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[email protected]: Meat industry's pandemic lobbying | Growth in at-home fermentation technology

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Each day at 5 p.m. we collect the five top food and supplement headlines of the day, making it easy for you to catch up on today's most important natural products industry news.

New emails shed light on meat company CEOs’ pandemic lobbying

And the meatpacking plant drama continues! Regular emails between the leaders of pork company Smithfield Foods and chicken producer Perdue Farms and government officials as COVID-19 ravaged meatpacking plants had a hand in keeping those same plants open despite the high rates of infection. The Counter writes that inconsistent policies from state to state and a lack of federal guidance (as well as a switch to less thorough "virtual inspections") on the part of OSHA made it even tougher to penalize facilities with high COVID-19 transmission rates.

Is home fermentation the next big kitchen tech opportunity?

Thanks to the pandemic-related rise of experimentation in food making, more people than ever are creating fermented food and beverage products in their own kitchens. What this means, per The Spoon, is that the at-home fermentation space is ripe for trendy hardware products to help consumers craft everything from kombucha to kimchi. Fermentation is scary to some consumers (I mean, have you seen a SCOBY?) but so much research has come out recently about fermented products and their relation to immunity and mood, and this has driven up interest significantly.

Kroger banking on fulfillment centers to challenge Publix, Walmart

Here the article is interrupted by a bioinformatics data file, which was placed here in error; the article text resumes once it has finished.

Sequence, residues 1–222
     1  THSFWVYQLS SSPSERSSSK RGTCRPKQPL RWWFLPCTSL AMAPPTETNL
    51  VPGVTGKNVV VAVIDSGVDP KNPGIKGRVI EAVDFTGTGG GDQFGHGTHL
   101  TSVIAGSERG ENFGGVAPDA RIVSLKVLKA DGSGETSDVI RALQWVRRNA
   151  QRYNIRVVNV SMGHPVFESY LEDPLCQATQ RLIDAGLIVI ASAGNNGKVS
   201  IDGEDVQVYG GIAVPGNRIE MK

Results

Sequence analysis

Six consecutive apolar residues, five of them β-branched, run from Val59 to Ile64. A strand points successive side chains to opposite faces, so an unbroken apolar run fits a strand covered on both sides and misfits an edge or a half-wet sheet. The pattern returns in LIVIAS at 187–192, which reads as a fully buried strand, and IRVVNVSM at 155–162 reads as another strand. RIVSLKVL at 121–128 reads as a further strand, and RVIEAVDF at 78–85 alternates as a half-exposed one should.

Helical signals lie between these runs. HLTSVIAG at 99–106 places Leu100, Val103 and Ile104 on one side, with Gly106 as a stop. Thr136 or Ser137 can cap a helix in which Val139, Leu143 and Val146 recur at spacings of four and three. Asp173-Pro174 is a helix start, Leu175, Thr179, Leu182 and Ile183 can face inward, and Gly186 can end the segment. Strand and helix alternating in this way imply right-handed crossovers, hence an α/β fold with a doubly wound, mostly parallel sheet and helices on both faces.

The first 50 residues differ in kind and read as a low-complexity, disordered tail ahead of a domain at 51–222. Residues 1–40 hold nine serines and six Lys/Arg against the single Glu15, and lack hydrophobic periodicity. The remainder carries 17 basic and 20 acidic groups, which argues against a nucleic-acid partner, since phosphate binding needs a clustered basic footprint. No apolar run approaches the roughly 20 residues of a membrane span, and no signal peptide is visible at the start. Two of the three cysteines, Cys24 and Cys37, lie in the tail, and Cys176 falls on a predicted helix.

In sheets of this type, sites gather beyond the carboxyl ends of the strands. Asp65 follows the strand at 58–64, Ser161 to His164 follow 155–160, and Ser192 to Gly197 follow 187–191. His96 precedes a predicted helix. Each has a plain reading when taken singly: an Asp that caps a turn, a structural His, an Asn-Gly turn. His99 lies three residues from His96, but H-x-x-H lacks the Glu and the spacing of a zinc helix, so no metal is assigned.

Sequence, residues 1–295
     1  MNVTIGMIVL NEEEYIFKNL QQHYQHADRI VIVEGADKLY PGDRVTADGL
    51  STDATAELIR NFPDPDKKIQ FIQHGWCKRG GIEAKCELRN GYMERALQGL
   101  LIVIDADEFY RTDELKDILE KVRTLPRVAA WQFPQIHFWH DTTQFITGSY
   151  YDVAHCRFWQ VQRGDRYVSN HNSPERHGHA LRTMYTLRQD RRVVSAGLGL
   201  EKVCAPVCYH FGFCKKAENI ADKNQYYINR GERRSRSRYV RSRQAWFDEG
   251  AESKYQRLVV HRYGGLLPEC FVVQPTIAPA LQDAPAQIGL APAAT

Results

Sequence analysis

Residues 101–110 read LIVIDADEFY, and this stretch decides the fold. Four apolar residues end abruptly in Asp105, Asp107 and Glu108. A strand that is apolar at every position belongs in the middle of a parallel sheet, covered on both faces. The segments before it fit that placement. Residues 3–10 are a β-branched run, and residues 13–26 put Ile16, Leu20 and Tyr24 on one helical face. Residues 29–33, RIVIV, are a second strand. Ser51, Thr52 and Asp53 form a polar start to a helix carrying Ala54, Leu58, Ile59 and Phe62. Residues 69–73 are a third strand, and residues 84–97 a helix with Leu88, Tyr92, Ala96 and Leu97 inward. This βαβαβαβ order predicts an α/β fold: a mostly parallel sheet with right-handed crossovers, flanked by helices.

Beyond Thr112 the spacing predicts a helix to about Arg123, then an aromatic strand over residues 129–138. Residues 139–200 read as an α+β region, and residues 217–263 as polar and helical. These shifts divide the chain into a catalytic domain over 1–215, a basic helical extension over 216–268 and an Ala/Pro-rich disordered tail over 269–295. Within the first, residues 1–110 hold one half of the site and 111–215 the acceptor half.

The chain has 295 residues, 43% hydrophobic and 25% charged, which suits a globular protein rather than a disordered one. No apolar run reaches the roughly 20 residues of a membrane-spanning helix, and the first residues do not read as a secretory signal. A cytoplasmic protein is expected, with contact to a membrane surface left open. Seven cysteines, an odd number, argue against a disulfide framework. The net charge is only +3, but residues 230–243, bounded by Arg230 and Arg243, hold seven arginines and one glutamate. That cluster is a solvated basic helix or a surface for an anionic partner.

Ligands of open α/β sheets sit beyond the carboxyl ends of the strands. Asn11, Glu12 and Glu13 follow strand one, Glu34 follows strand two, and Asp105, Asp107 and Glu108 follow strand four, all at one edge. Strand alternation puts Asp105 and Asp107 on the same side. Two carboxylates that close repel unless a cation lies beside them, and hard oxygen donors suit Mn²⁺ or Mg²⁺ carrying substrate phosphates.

Kroger's upping the ante: the nation's largest supermarket operated has revealed plans to expand its fulfillment centers to expand its delivery services, announced it had reached $1 billion in annual sales for its Home Chef meal solutions brand and began dabbling in health insurance, teaming up with Anthem Blue Cross and Blue Shield to offer Medicare Advantage plans that include stipends for groceries. The Food Institute notes that Kroger’s digital business doubled during the pandemic; it also recently launched a new membership program, Kroger Boost, as part of its Kroger Plus loyalty program.

Good fat vs. bad fat: Study links particular type of fat to a higher risk of stroke

Scientists have long been unsuccessful in the quest to pin down which fat sources can be linked to common diseases, but new evidence indicates replacing lard and beef fat with non-tropical vegetable oils including olive oil, corn and soybeans can reduce stroke risk. Inverse writes that the real culprit here may be saturated fats as a group; red meats are full of them, and they're also found in notorious ultraprocessed fare such as baked goods, whole-fat dairy, palm oil and fried food. These findings align with the current health guidance out of the American Heart Association.

Could climate change make food less nutritious?

In today's bummer news, Civil Eats reports on an emerging study that concludes that climate change will will cause crop yields to fall and trigger increased spikes in food prices, deepening food insecurity and micronutrient deficiencies. Today, a whopping 30% of the global population suffer from micronutrient deficiencies, and that figure's only going to get worse in the coming years. Beans, wheat and rice are all staples that will be hit hard by global climate change. There is more research that must be done, and fast, in order to lessen climate change's impact on health in lower- and middle-class consumer segments.

TAGS: General 5at5
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